Saturday, February 25, 2012

The Help


I sort of watched The Help last night. It was on. I sat and read and I cooked some stuff while it was on. I didn't really care for it, but that may not mean anything.

It bothered me more than I thought it would that the main character is a white, bourgeois recent journalism school grad. She returns to her home in Mississippi in 1963. She's enlightened. She's appalled at how the other bourgeoisie treat the black women who work for them as maids. She's also intent on a career in journalism and she figures out a way to achieve her goal. She starts interviewing maids about their lives.

With movies, there has to be some obvious growth and change in the main character over the course of the film. That's why, when Spielberg made his Holocaust movie, he made a Nazi industrialist the main character. When Hollywood did its movie about anti-Semitism, (Gentleman's Agreement, 1947) they showed it through the eyes of a Christian (or at least a non-Jewish) reporter who pretends to be Jewish to get his story.

So it might have made some sense to have white protagonist. But with The Help, you have a white liberal protagonist who's already anti-racist. The growth and change her character goes through is a coming of age thing not related to the lives of the black women she's documenting.

I didn't care for the scatological thing the movie had going. There was constant talk about toilets and after a certain point, there's a lot of talk about one of the maids feeding her erstwhile employer a pie containing fecal matter. This was a major plot point in the movie. But how did the maid know that this wouldn't be detectable? How did she know that such a pie would be edible? Did she sample it herself?

The Association of Black Women Historians put out a statement on the movie:

...The Help distorts, ignores, and trivializes the experiences of black domestic workers. We are specifically concerned about the representations of black life and the lack of attention given to sexual harassment and civil rights activism.

...

Both versions of The Help also misrepresent African American speech and culture. Set in the South, the appropriate regional accent gives way to a child-like, over-exaggerated “black” dialect. In the film, for example, the primary character, Aibileen, reassures a young white child that, “You is smart, you is kind, you is important.” In the book, black women refer to the Lord as the “Law,” an irreverent depiction of black vernacular. For centuries, black women and men have drawn strength from their community institutions. The black family, in particular provided support and the validation of personhood necessary to stand against adversity. We do not recognize the black community described in The Help where most of the black male characters are depicted as drunkards, abusive, or absent. Such distorted images are misleading and do not represent the historical realities of black masculinity and manhood.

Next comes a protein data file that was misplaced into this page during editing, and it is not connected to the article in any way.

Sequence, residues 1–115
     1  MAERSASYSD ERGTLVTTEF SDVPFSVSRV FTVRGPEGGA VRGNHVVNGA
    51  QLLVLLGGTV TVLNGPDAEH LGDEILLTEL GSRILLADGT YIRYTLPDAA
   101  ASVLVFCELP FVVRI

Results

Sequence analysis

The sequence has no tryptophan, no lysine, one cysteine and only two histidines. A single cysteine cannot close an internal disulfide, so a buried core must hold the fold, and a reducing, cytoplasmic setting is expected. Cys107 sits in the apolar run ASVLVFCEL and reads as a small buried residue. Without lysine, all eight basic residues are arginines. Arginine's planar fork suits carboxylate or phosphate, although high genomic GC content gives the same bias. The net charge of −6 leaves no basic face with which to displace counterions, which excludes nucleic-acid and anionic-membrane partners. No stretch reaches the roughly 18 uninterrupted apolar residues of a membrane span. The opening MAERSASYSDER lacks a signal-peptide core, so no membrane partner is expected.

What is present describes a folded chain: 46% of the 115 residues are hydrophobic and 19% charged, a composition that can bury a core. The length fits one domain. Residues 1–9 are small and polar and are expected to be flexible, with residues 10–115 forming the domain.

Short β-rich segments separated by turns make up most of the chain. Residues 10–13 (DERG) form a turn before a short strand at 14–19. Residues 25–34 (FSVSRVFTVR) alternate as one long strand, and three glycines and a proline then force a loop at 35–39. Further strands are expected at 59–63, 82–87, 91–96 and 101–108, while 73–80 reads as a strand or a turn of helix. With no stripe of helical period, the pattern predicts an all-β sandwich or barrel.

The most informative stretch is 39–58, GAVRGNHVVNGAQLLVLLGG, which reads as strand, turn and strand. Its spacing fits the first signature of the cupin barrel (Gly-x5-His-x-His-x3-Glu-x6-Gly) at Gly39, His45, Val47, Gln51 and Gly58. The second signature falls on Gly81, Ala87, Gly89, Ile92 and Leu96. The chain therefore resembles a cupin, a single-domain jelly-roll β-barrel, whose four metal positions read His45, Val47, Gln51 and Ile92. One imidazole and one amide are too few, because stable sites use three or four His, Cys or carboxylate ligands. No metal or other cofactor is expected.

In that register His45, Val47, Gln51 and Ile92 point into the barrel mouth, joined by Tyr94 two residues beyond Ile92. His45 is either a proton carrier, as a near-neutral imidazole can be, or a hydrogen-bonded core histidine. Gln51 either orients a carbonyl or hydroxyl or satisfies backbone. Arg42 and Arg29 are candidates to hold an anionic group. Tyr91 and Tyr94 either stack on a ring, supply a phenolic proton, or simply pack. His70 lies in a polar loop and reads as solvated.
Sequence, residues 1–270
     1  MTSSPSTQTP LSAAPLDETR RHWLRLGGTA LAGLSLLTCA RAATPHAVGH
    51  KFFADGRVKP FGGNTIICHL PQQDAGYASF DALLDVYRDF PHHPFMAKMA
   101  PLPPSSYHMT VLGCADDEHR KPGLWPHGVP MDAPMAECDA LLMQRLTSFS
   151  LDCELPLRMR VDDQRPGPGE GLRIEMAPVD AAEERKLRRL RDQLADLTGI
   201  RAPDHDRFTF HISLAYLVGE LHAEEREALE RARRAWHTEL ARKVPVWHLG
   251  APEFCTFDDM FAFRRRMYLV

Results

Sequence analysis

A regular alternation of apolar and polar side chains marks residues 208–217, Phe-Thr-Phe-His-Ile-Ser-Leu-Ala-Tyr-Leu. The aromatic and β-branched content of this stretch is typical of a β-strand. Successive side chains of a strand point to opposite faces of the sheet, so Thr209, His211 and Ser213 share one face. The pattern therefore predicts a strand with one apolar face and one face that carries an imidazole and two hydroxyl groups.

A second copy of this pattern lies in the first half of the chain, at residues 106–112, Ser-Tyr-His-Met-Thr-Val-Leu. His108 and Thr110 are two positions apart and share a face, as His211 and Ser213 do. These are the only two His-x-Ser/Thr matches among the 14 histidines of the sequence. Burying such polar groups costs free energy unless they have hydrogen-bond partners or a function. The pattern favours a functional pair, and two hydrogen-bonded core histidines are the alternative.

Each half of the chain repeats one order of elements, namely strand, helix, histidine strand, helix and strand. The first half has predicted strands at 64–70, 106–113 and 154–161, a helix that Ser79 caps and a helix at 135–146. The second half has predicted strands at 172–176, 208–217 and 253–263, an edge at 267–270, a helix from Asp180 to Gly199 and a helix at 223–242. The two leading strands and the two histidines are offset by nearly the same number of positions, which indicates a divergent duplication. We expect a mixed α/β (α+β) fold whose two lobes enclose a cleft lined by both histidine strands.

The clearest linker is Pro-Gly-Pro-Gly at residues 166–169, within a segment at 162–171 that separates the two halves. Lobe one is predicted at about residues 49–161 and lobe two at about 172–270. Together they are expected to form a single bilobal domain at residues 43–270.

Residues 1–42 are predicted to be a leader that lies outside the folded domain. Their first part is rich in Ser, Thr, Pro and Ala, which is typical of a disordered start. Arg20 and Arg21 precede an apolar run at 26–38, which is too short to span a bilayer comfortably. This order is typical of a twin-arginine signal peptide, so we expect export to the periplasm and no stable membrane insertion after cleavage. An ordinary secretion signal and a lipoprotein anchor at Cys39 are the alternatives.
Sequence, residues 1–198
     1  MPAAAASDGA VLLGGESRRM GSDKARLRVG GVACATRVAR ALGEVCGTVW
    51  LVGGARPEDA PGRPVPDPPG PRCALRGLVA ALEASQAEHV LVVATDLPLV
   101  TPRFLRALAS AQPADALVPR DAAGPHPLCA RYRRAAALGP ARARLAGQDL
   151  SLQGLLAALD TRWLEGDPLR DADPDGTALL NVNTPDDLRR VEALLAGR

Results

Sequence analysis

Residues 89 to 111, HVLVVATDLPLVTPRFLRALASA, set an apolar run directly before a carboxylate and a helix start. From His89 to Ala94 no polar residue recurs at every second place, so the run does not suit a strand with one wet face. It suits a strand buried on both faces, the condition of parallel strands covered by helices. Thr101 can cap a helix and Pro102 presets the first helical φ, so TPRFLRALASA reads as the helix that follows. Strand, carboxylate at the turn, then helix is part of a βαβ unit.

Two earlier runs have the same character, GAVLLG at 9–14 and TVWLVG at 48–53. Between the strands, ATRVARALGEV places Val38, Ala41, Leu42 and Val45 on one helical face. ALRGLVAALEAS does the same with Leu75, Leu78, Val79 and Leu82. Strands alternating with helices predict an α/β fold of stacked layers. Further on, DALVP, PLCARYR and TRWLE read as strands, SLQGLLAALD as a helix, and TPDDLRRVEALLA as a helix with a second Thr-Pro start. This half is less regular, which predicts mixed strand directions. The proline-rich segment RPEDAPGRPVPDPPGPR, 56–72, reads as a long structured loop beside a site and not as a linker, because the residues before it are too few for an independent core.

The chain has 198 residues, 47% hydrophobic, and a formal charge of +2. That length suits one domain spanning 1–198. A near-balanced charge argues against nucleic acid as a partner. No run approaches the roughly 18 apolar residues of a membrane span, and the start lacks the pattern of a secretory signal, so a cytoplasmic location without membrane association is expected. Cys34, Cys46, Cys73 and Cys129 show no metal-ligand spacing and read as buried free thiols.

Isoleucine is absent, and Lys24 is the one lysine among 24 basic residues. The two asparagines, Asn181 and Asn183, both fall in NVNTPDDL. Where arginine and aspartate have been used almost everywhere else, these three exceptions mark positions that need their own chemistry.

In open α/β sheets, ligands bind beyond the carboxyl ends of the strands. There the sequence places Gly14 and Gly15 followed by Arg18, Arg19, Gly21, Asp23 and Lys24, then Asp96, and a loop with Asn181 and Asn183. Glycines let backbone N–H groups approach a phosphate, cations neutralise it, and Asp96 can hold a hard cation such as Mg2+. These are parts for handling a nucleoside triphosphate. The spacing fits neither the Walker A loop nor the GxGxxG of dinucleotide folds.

Furthermore, African American domestic workers often suffered sexual harassment as well as physical and verbal abuse in the homes of white employers. For example, a recently discovered letter written by Civil Rights activist Rosa Parks indicates that she, like many black domestic workers, lived under the threat and sometimes reality of sexual assault. The film, on the other hand, makes light of black women’s fears and vulnerabilities turning them into moments of comic relief.

Similarly, the film is woefully silent on the rich and vibrant history of black Civil Rights activists in Mississippi. Granted, the assassination of Medgar Evers, the first Mississippi based field secretary of the NAACP, gets some attention. However, Evers’ assassination sends Jackson’s black community frantically scurrying into the streets in utter chaos and disorganized confusion—a far cry from the courage demonstrated by the black men and women who continued his fight. Portraying the most dangerous racists in 1960s Mississippi as a group of attractive, well dressed, society women, while ignoring the reign of terror perpetuated by the Ku Klux Klan and the White Citizens Council, limits racial injustice to individual acts of meanness.

...In the end, The Help is not a story about the millions of hardworking and dignified black women who labored in white homes to support their families and communities. Rather, it is the coming-of-age story of a white protagonist, who uses myths about the lives of black women to make sense of her own. The Association of Black Women Historians finds it unacceptable for either this book or this film to strip black women’s lives of historical accuracy for the sake of entertainment.

Click here to read the entire statement.

On the other hand, I might note here that I listened to a discussion on public radio of the book and movie. A number of black women whose mothers and grandmothers worked as domestics called in and were very happy with the movie.

A movie I liked better with a vaguely similar theme was Far From Heaven, Todd Haynes' 2002 feature, made in the style of a 1950s Douglas Sirk melodrama, about an upper-middle-class housewife who develops a relationship with her black gardener after discovering that her husband is gay.

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